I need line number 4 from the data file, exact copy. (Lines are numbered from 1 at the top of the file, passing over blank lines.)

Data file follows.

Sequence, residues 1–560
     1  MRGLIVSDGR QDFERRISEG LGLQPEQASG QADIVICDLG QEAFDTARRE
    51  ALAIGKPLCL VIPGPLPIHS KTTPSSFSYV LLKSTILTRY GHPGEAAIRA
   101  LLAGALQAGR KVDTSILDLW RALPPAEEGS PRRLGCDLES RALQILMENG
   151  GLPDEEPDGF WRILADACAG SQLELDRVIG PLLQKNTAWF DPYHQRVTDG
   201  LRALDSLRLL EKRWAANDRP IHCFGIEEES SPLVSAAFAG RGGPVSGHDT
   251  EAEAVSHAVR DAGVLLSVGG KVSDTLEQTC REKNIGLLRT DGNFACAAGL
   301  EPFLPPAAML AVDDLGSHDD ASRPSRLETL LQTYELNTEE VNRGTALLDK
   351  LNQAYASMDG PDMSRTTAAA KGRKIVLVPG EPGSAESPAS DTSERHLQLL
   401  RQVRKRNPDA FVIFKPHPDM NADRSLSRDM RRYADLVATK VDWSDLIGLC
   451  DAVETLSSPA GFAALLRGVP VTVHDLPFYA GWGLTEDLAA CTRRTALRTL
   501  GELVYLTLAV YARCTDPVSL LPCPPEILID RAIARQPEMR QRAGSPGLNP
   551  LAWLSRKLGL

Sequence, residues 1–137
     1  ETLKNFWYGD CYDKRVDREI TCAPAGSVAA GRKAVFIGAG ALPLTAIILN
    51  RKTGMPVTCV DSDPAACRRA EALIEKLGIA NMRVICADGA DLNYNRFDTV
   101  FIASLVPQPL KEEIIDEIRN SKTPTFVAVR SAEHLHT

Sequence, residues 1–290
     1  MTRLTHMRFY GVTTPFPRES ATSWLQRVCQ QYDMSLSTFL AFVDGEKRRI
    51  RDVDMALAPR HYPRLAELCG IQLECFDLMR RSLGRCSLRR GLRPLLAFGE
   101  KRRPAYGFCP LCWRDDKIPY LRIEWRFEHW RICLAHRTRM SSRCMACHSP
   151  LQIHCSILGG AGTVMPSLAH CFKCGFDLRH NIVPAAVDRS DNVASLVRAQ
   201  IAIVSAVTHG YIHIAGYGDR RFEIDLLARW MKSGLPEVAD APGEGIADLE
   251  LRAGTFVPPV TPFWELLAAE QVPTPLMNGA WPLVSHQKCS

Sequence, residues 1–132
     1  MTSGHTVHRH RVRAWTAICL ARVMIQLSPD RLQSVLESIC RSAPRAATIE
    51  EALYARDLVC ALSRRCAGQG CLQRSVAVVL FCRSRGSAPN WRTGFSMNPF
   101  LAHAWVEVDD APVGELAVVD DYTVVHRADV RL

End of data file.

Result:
   101  LLAGALQAGR KVDTSILDLW RALPPAEEGS PRRLGCDLES RALQILMENG